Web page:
Most of the pianos, if not all those played by the great Thelonious Monk were barely in tune, let alone endowed with the finest materials as those that Jazz musicians have today. And yet he, like Herbie Nichols and others before them – Art Tatum, James P. Johnson, Fats Waller, Willie ‘The Lion’ Smith – and others produced not only the finest compositions for the instrument, but also the most extraordinary sound on them. Very little music played by a pianist – or indeed any contemporary instrumentalist – does not include the music of those masters… at least one Monk standard (for instance) during a performance. Keith Jarrett almost always does so. Fred Hersch ends most of his live performances with a Monk original. Of the three pianists whose work is under review here, only Luis Perdomo pays homage to Monk. However that is far from being an indication that the others – Louis Heriveaux and Keith Brown – do not owe a some or other aspect of their pianism to Thelonious Monk, or any of the other great pianist in the Jazz, or classical traditions. And yet each of the discs also speaks to the individuality of these three pianists through well-chosen repertoire, including some unduly neglected piano works, or works transposed for interpretation on the piano.
Hot Tone Music HTM 109
Each of the fifteen cuts on this disc is so much more that documentary interest. At the end of it all, nothing can dim one’s sense of Luis Perdomo’s massive and unswerving authority, a quality at once lyrical and magisterial. A true aristocrat of the keyboard, his warmth and humanity strike you at every turn, as well as a communicative ardour less pronounced in scores of other pianists of his generation. Hear him in Thelonious Monk’s ‘Monk’s Dream’ for that deep-into-the-keys, straight-from-the-shoulder virtuosity or in his formidably imposing way with Stanley Cowell’s ‘Cal Massey’. In his own compositions – the five works entitled ‘Montage’ – Perdomo reveals himself to be among the finest workmen of the keyboard as he sparkles like champagne. Everything that he does on the keyboard is at the service of the music, backed by a thrilling if unostentatious mastery. An evocative brilliance characterises his visit to Latin America (‘Si te Contara’ ‘Le Revuelta de Don Fulgencio’) and how he relishes the ballad (‘Thinking of You’). There is much more to fall prey to on this marvellous solo piano performance by a true piano master.
Hot Shoe Records HSR 110
The ghosts of ‘the ancestors’ hover over this collection – in both the deep and shallow end of the performance of Louis Heriveaux, a pianist who may not be terribly well-known outside of Georgia. More’s the pity. Heriveaux is a musician bristling with pianistic genius. Here he embellishes the beauty of some of the most well-known American Standards playing with delightful elegance, open sincerity and clear affection for the music. His performance of ‘Body and Soul’ and ‘All The Things You Are’ attracts particular attention as they sparkle with individuality. Elsewhere, especially in his own writing, and performance Heriveaux displays further attributes as a wonderful tonal colourist and ardent Romantic. I was much taken with the sound world Heriveaux creates for Mulgrew Miller’s ‘From Day to Day’, and by his interpretation of ‘Blue Bossa’. He produces a fresh silvery quality that yet has lyrical warmth in ‘Lundy’s Blues’ contributed here by the bassist Curtis Lundy, and on ‘Swing’n Things’ from the pen of drummer Terreon Gully where challenges are deftly addressed and the rapid repeated notes and glissandi are executed with ease and elegance.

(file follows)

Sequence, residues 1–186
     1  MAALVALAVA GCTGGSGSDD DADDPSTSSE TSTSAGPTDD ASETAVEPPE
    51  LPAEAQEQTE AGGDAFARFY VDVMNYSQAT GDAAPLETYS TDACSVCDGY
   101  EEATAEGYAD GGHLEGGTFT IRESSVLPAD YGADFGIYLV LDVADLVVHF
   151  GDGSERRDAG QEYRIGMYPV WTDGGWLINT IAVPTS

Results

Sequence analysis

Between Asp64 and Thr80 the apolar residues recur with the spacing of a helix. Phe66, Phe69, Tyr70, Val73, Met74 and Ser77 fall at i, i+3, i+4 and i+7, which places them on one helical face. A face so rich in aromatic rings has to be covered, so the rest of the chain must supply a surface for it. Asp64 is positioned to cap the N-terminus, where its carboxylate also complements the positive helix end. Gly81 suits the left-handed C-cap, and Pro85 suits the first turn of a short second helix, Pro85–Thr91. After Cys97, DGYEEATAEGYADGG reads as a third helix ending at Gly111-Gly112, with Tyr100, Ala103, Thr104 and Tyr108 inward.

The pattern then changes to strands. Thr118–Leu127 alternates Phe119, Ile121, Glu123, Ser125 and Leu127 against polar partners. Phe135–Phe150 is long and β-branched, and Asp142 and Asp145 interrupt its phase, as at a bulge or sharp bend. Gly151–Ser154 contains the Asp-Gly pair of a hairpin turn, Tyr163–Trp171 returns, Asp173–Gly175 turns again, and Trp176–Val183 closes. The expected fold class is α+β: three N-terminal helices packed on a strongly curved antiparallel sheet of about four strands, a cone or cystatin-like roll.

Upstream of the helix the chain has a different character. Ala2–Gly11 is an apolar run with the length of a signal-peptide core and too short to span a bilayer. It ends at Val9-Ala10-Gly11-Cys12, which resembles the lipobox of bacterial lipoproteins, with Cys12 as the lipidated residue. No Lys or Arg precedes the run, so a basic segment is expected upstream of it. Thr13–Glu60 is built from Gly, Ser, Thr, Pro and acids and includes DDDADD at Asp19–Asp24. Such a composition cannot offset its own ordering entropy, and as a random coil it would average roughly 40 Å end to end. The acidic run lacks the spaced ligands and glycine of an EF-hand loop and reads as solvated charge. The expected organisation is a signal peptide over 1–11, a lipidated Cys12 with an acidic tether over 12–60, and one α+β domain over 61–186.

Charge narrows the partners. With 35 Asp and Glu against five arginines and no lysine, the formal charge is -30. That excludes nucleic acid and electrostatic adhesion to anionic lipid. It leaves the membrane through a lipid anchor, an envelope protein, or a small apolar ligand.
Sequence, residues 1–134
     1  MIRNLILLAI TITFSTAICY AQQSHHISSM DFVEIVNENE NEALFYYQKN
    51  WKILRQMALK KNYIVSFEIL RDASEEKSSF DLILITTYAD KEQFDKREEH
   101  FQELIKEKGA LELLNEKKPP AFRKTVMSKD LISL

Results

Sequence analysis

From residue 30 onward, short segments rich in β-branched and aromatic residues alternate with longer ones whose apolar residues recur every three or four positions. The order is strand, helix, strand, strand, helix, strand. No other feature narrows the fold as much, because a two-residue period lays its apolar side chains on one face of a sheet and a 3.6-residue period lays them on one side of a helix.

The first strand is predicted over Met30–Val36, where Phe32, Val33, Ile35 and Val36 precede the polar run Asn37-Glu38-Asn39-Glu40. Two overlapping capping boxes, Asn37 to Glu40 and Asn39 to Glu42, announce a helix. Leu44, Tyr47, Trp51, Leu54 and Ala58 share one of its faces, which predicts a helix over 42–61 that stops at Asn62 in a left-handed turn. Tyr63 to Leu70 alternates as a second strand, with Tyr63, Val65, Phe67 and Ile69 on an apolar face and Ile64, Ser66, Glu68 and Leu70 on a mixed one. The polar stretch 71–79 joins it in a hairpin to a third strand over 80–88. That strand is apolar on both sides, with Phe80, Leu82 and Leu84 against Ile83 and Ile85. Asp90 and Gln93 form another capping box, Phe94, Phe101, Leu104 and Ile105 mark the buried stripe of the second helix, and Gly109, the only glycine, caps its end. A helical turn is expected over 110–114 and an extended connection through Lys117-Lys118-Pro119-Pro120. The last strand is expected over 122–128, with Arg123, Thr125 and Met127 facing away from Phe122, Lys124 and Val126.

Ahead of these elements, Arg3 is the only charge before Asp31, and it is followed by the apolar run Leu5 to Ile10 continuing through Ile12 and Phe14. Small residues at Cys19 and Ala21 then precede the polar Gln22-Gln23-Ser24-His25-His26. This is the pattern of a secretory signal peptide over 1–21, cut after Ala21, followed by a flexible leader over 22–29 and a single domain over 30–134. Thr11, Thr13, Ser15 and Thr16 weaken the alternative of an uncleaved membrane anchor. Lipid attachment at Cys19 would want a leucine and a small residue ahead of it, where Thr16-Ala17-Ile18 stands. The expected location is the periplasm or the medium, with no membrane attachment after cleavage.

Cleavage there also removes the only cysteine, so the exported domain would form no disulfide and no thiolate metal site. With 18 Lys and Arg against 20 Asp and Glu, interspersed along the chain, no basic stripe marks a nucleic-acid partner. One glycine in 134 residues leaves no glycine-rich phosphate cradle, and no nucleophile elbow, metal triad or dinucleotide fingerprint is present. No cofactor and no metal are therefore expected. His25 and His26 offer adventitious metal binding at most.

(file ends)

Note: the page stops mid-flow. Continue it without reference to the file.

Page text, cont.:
Space Time Records BG 1540
This recording comprises eleven originals and one classic version of Leslie Bricusse and Anthony Newley’s rarely played ‘The Biscuit Man’. This music is played by a large(r) group of musicians as compared to the other records and there is a somewhat grander, more operatic dynamic at work here, both pragmatically and artistically. Yet it is easy to pick out the elegance and dextrous pianism that falls over the senses like wonderful cascades of music. ‘Ten Years of Turmoil’ for the manner in which Keith Brown rides the emotional storms of his composition with a thunder-and-lightning virtuosity. His ode to Kenny Kirkland ‘Capt’n Kirk’ is inspired and glitters with endless enchantment. The pianist brings much musical character and a luxuriant atmosphere to the piano with his wonderfully composed work. Most, if not all of it constitutes unusual form-building and the high drama of piano-writing. However music leaps off the page not only because of fine writing, but also outstanding performance – from Keith Brown as well as from the musicians that he surrounds himself with. The performance of the saxophonist Greg Tardy (sadly on only three tracks) is noteworthy for its exceptional breadth and expressiveness. There is much to recommend the other musicians as well through often delicate colourations brought to the music with delightful sympathy and virtuosity.